Tiny swimming robots treat deadly pneumonia in mice

UC San Diego engineers have developed microscopic robots, called microrobots, that can swim around in the lungs, deliver medication and be used to clear up life-threatening cases of bacterial pneumonia. In mice, the microrobots safely eliminated pneumonia-causing bacteria in the lungs and resulted in 100% survival. By contrast, untreated mice all died within three days after infection.

Shining, Colored LED Lighting on Microalgae for Next-Generation Biofuel

As biofuels continue to present challenges, microalgae are gaining momentum as a biofuel energy crop. In the Journal of Renewable and Sustainable Energy, researchers show how a combination of monochromatic red and blue LED illumination on one type of microalga can enhance its growth and increase the biosynthesis of critical components, such as lipids, for microalgae feedstock development. The researchers focused on Dunaliella salina, typically extracted from sea salt fields and found in salt lakes.

Selecting Best Microalgae for Biodiesel Production

Microalgae are a promising source of energy to replace fossil fuels, as they have several advantages over conventional crops used for commercial biodiesel. Microalgae have a shorter lifecycle and they can be developed in environments unfit for agriculture. In the Journal of Renewable and Sustainable Energy, researchers developed a methodology to analyze different species to select the best microalgae for use as an energy source by taking into account biological, economic, and environmental aspects.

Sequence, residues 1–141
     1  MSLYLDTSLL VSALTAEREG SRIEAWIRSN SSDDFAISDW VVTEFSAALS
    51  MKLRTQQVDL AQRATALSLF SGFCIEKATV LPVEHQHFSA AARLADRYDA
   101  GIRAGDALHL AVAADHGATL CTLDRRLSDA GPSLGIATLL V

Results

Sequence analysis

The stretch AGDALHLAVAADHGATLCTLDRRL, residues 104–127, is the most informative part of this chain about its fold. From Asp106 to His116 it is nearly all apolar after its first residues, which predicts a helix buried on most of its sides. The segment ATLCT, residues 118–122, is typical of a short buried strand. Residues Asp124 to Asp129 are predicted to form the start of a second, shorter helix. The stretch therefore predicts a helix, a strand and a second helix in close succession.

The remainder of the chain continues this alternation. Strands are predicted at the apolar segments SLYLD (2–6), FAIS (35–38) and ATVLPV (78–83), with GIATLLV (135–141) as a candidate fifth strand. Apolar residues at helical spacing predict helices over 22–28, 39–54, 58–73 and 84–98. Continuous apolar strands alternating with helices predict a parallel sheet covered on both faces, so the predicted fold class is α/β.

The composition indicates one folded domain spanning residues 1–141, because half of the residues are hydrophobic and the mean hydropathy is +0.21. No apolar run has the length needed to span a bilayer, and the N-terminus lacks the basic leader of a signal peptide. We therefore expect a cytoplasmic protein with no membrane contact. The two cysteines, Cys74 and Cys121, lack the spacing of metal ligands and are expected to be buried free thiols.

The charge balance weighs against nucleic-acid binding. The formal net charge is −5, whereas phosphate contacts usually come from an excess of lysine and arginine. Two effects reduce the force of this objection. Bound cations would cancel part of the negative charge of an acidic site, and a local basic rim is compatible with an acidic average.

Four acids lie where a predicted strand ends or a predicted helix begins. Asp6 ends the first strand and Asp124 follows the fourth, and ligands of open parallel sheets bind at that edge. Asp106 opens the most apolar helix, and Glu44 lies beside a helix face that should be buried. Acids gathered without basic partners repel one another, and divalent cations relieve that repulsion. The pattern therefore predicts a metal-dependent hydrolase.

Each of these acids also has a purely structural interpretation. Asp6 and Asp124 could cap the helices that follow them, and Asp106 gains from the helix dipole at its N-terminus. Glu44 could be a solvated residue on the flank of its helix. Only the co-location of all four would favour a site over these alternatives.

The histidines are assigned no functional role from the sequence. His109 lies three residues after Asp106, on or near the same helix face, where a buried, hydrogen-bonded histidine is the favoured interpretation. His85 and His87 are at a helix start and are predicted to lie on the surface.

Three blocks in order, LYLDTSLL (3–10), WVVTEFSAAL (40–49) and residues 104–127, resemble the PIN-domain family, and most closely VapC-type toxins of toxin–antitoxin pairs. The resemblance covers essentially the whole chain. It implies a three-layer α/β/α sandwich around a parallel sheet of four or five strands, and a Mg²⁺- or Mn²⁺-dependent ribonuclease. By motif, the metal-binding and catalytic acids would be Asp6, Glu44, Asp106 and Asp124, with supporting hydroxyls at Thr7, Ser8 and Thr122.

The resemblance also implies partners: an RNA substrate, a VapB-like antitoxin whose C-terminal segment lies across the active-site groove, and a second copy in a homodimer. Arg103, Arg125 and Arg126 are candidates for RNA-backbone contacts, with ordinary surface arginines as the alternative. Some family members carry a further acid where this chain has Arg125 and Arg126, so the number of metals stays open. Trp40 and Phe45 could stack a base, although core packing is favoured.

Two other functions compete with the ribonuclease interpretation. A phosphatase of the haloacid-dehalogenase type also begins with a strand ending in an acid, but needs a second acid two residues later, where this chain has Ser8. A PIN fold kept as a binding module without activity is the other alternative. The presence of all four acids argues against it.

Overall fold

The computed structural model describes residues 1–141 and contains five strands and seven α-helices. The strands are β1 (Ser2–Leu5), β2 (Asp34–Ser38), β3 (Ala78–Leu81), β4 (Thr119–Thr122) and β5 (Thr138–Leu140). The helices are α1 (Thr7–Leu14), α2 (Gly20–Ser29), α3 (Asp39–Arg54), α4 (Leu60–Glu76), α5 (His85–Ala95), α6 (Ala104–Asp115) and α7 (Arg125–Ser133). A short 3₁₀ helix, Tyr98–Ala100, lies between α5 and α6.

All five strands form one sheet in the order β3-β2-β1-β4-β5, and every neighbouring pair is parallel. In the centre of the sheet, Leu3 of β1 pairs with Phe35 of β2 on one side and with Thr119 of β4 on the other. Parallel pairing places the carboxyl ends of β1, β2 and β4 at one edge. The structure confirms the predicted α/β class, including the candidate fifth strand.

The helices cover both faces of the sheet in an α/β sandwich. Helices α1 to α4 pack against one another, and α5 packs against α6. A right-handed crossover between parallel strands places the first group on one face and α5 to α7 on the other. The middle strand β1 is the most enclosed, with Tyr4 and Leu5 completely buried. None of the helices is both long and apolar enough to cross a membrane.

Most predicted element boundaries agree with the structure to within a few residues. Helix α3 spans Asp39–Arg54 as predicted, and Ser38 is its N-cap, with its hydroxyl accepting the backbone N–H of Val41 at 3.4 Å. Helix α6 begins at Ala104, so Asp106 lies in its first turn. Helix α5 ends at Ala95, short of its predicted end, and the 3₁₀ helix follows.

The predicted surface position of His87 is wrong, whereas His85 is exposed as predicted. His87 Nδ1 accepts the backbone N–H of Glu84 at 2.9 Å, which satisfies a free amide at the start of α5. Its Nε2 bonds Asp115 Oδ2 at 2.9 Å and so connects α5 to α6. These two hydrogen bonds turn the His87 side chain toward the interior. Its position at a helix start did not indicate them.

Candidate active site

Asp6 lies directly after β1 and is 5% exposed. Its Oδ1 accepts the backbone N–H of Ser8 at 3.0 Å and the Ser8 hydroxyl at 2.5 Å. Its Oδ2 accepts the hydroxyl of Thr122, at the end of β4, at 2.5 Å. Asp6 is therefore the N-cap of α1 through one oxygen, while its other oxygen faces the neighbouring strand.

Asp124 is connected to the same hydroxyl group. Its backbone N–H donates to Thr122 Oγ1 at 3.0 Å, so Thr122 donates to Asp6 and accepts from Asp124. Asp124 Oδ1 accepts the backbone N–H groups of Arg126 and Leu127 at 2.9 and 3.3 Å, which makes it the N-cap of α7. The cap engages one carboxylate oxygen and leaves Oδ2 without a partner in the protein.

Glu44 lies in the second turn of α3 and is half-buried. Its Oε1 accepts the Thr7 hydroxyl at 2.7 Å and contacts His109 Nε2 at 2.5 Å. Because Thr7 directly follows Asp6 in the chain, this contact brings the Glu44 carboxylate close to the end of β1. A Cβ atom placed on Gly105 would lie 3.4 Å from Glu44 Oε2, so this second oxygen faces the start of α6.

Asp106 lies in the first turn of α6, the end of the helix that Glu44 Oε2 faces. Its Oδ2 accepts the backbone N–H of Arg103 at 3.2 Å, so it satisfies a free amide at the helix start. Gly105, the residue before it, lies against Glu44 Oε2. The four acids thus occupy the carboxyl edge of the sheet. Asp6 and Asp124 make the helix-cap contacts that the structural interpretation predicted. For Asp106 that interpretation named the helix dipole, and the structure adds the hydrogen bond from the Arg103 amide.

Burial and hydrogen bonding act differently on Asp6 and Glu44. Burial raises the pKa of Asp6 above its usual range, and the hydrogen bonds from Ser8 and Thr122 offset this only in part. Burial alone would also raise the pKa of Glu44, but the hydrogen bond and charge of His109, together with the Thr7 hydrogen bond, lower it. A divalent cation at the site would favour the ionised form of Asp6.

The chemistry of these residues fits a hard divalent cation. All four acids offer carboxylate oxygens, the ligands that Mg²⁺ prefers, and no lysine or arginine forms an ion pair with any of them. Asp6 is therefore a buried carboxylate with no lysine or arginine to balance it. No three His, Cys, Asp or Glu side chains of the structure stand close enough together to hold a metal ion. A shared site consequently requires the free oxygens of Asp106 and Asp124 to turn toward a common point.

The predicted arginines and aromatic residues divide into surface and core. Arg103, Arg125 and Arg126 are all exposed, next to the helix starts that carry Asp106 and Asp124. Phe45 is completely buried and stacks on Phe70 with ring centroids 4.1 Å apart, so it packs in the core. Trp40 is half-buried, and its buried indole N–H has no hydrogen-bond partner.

Study First to Tally Biomass from Oceanic Plastic Debris Using Visualization Method

Scientists examined cell abundances, size, cellular carbon mass, and how photosynthetic cells differ on polymeric and glass substrates over time, exploring nanoparticle generation from plastic like polystyrene and how this might disrupt microalgae. Conservative estimates suggest that about 1 percent of microbial cells in the ocean surface microlayer inhabit plastic debris globally. This mass of cells would not exist without plastic debris in the ocean, and thus, represents a disruption of the proportions of native flora in that habitat.